A Day in the Life: Fort Sill Game Wardens

A Day in the Life: Fort Sill Game Wardens-12/31/20

FORT SILL, Okla. (TNN) -The Game Wardens and conservation officials on Fort Sill work to keep the outdoorsman, soldiers, and the wildlife safe at all times.

They do this through controlled hunts, and making sure hunting and fishing rules and regulations are followed.

In this A Day in the Life segment, 7 News Anchor Makenzie Burk explains why their jobs are important.

Fort Sill hunting and fishing opportunities are reserved for a select few, including active duty soldiers, retirees, DOD employees, NAF employees, and their family members.

Lance Brantner, one of the Conservation Law Enforcement Officers on post, says part of his job is making sure those hunting and fishing there, are allowed to be there.

“Essentially I’m like a state game warden, or one of the game wardens that you might run into on the wildlife refuge,” said Brantner. “My job is to patrol the ranges here on Fort Sill enforcing all the hunting and fishing rules and regulations that the state has as well as Fort Sill.”

Chris Deurmyer, is the Supervisory National Resources Administrator on post.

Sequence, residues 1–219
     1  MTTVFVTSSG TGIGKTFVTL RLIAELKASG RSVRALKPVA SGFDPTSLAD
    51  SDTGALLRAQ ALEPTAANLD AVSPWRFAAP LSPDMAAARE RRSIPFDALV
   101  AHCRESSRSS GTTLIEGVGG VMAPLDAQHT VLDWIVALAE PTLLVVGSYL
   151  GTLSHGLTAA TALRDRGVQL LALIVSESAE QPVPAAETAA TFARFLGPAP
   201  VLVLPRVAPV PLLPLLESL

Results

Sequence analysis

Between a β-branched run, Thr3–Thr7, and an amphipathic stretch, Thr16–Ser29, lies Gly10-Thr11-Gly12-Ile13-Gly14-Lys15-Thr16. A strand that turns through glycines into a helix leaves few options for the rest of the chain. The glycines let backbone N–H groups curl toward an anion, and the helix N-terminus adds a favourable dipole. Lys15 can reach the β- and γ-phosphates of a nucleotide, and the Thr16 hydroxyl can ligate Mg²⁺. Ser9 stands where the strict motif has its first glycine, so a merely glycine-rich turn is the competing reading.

“My mission is to help facilitate the hunts that have the accountability and safety and the management needs to meet all the needs of the ARMY as a landowner dealing with threatened and endangered species, ag lease program, and some other issues when you get into migratory birds and stuff,” said Deurmyer.

Deurmyer says the controlled deer and elk hunts each year are important for the habitat.

“It’s important because, on the harvest, we harvest the deer and elk specifically to manage them,” said Deurmyer. “If there wasn’t hunting you would have overpopulation and there would be problems with that.”

Unlike state game wardens, Brantner says their areas of jurisdiction include areas of military training...and keeping people out of the impact areas is a big part of their jobs.

“It helps keep people safe, they don’t get injured,” said Brantner. “There’s a lot of unexploded ordnances that have been out there for 30, 40, 50 years. Some even date back to the early 1900s, so they could be very sensitive, and very temperamental.”

It’s not just peoples safety they’re concerned about, but the animals too. Recently a 500 pound ordnance was found on post, and conservation officials were called in to assist.

“We got a phone call that they were getting ready to blow that ammunition, and there were some elk out there inside the blast radius,” said Deurmyer. “So just like any good elk, listening to somebody they’re not used to, they left the area just as we arrived. Which was great, the best case scenario.”

Brantner says he’s an avid outdoorsman himself, so he truly loves his job.

“As a lot of game wardens would say, if you’ve ever watched Northwood Law, they’re living the dream,” said Brantner. “They get paid to do what they love, which is enjoy the outdoors.”

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